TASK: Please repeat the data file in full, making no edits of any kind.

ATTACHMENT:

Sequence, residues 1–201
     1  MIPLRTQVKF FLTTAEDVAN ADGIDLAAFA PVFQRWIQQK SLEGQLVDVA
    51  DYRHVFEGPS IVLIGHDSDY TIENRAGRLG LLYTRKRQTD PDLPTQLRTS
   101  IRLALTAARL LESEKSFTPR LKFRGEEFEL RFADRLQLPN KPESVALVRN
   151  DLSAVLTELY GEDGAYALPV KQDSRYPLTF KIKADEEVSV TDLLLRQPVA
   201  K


Sequence, residues 1–201
     1  MIPLRTQVKF FLTTAEDVAN ADGIDLAAFA PVFQRWIQQK SLEGQLVDVA
    51  DYRHVFEGPS IVLIGHDSDY TIENRAGRLG LLYTRKRQTD PDLPTQLRTS
   101  IRLALTAARL LESEKSFTPR LKFRGEEFEL RFADRLQLPN KPESVALVRN
   151  DLSAVLTELY GEDGAYALPV KQDSRYPLTF KIKADEEVSV TDLLLRQPVA
   201  K